Recent contracts for 1.2 gigawatts of offshore wind development have thrust Massachusetts and Rhode Island into the lead among U.S. states preparing to participate in a nascent but rapidly-growing market, Greentech Media reports.
Both states announced their projects last Wednesday, with Massachusetts contracting with Iberdrola’s Avangrid Renewables and Denmark’s Copenhagen Infrastructure Partners for up to 800 MW of production off Martha’s Vineyard, and Rhode Island turning to Deepwater Wind for a 400-MW installation.
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Vineyard Wind “is the first contract to meet a goal set by Massachusetts lawmakers in 2016 to build 1.6 gigawatts of offshore wind power by 2027,” Greentech states. The Rhode Island contract was “not an unexpected choice, given that Deepwater is also the developer of the 30-megawatt demonstration-scale Block Island project off the state’s coast—the only offshore wind power installation in the country to date.”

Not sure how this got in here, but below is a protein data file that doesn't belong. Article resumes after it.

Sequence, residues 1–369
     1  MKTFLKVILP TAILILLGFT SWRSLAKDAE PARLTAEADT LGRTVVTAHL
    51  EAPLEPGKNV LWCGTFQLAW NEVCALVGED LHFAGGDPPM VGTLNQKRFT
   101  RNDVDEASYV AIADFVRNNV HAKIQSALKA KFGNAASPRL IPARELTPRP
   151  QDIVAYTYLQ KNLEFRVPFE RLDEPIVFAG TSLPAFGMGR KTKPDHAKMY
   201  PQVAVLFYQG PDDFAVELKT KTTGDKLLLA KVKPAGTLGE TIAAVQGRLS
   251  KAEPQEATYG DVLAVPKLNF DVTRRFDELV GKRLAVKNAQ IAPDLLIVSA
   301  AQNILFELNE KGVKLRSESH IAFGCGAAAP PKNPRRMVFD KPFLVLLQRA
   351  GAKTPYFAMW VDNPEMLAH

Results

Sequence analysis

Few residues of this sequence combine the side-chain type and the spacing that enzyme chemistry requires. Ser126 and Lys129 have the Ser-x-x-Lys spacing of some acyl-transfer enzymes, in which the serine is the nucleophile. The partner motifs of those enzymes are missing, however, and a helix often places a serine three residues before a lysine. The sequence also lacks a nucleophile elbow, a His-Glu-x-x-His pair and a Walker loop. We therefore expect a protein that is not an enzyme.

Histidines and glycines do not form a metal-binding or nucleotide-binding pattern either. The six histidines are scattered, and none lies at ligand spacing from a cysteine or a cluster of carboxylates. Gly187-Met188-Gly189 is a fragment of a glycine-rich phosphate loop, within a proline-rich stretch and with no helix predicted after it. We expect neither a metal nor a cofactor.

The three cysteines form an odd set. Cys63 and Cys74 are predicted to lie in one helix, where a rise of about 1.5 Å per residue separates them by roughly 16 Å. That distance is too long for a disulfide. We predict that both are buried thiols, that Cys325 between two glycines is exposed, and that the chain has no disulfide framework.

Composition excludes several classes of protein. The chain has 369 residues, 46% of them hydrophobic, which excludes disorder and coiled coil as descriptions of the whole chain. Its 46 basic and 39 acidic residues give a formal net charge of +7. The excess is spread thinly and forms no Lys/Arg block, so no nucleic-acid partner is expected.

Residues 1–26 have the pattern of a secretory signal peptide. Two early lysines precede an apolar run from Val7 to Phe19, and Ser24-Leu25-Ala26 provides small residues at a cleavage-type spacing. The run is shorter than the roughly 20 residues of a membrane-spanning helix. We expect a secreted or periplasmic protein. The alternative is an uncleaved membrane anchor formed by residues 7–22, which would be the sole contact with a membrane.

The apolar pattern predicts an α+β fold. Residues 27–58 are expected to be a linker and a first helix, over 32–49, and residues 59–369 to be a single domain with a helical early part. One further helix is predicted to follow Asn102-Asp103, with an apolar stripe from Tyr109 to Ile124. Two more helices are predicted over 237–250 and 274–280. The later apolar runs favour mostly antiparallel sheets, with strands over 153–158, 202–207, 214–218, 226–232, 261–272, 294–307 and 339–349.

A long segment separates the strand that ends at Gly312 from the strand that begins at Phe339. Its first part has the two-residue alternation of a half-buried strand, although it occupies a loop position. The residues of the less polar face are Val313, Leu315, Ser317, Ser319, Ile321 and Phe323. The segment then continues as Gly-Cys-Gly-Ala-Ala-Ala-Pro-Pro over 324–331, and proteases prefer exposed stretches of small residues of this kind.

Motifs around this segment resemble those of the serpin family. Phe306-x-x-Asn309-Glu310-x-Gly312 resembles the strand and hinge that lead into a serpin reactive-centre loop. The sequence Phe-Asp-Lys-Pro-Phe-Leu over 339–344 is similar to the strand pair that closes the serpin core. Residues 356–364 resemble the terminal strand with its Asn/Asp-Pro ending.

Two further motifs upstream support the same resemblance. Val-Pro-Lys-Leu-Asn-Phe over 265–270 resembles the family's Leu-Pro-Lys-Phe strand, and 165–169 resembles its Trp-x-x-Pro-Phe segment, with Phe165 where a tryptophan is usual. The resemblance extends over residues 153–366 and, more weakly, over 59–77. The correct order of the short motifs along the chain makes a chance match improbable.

In a release, Rhode Island Governor Gina Raimondo noted that Deepwater’s Revolution Wind project is more than 10 times the size of the Block Island demonstration. “Rhode Island made history when we built the first offshore wind farm in the United States,” she said. “Today, we are doing it again.”
Citing research analyst Anthony Logan of MAKE Consulting, Greentech points to the logistical challenges the projects could face as a brand new industry begins to scale up. “The scale of capacity for both projects will push the limits of what the industry can do without access to a domestic turbine installation vessel,” GTM notes. “On the plus side, both projects are leveraging recent European technology advances that have brought down the levelized cost of energy for offshore wind there.”
MAKE recently increased its projection of installed offshore wind capacity in the U.S. from 2.3 to 5.6 GW by 2026. “The increase stems primarily from a new executive order from New Jersey Governor Phil Murphy, committing the state to 3,500 megawatts of offshore wind by 2030,” Greentech writes. New York State, Maryland, and Virginia are also looking to enter the field.